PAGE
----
Track 8, “Vicar in a Tutu” is the fourth Jonas brother of the album – it is the album’s least streamed song by a fair margin (but don’t feel too bad for it – 13 million streams is far from obscure). Despite its relative unpopularity, “Vicar in a Tutu” is just as strong as the rest of the album – its lyrics are a plea to society to allow people to pursue happiness according to their own inclinations: “A vicar in a tutu / he’s not strange / he just wants to live his life this way”. There is also a critical undertone in reference to the church’s money-hungry tendencies – this is still, of course, a Smiths song.

The album’s penultimate song, “There Is a Light That Never Goes Out”, is the band’s most popular song as of today (sitting at over 359 million streams on Spotify), due in large part to its popularity online, with the younger generation. It’s a love song – albeit a morbid one – and its bleeding-heart romanticism and violin-backed instrumentals make its inter-generational popularity only logical.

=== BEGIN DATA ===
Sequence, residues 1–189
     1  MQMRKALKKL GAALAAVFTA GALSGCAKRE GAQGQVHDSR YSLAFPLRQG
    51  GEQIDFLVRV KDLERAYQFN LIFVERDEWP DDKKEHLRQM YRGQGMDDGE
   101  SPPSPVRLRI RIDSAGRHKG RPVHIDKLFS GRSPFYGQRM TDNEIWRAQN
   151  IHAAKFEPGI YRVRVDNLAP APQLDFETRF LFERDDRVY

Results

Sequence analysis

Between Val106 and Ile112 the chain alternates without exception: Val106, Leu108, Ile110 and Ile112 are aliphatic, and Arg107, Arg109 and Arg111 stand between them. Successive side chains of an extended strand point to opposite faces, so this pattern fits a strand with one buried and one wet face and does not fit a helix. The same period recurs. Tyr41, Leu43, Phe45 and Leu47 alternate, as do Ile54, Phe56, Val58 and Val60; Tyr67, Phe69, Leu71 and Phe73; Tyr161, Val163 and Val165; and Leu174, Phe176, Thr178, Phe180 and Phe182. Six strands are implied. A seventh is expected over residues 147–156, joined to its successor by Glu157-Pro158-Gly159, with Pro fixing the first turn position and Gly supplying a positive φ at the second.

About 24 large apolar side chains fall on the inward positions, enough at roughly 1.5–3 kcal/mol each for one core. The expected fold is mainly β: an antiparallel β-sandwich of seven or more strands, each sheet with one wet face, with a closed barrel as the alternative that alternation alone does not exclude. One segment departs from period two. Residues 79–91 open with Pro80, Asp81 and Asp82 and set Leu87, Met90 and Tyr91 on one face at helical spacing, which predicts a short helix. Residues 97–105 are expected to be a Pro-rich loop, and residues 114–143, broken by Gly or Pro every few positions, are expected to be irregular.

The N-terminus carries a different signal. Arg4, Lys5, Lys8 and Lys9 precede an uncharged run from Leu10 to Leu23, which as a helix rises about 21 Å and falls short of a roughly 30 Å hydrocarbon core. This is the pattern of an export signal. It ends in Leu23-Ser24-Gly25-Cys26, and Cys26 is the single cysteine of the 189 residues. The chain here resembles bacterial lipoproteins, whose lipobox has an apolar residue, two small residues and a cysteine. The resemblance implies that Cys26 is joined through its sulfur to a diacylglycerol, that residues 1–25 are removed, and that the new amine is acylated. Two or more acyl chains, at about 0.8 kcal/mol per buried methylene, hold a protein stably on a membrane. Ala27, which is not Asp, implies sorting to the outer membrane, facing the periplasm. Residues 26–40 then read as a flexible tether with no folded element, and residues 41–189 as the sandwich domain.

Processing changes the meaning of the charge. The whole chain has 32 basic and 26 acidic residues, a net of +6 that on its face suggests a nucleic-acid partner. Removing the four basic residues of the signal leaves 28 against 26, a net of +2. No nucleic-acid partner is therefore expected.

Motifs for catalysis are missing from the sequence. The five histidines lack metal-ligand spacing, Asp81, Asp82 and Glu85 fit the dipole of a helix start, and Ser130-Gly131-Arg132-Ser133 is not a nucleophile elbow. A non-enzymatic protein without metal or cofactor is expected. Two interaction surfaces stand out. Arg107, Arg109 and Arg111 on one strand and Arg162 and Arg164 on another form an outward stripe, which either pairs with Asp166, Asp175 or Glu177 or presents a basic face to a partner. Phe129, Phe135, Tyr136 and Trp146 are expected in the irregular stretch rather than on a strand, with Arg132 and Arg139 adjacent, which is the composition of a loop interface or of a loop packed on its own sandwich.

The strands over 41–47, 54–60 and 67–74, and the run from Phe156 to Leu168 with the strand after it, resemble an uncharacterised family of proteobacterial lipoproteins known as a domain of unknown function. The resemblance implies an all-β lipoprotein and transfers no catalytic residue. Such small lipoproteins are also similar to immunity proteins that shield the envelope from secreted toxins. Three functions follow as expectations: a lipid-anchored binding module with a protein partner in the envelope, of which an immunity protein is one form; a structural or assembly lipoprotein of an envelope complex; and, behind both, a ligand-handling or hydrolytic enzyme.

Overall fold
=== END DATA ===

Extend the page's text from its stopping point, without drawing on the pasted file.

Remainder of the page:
Rather than go for the old cliché of ending an album with a grand, dramatic ballad or a slow, misty-eyed piano jam, The Smiths go an entirely different route – bosoms. “Some Girls Are Bigger Than Others” is an eyebrow-raiser of a title (“girls” refers to exactly what you think it refers to), but at a slightly closer inspection, the song is a commentary on superficiality. The verses are brief complaints of society’s historic obsession with the female body, interrupted by absurd repetitions of, “some girls are bigger than others / some girls’ mothers are bigger than other girls’ mothers”. The song’s instrumentals bring the album back to a similar feel as the beginning, but calmer, simpler, an exit that puts you in the mood for more. Rather than ending abruptly, the song opts for a classic oldies fade-out, leaving the listener (and myself) ready to start the record all over again.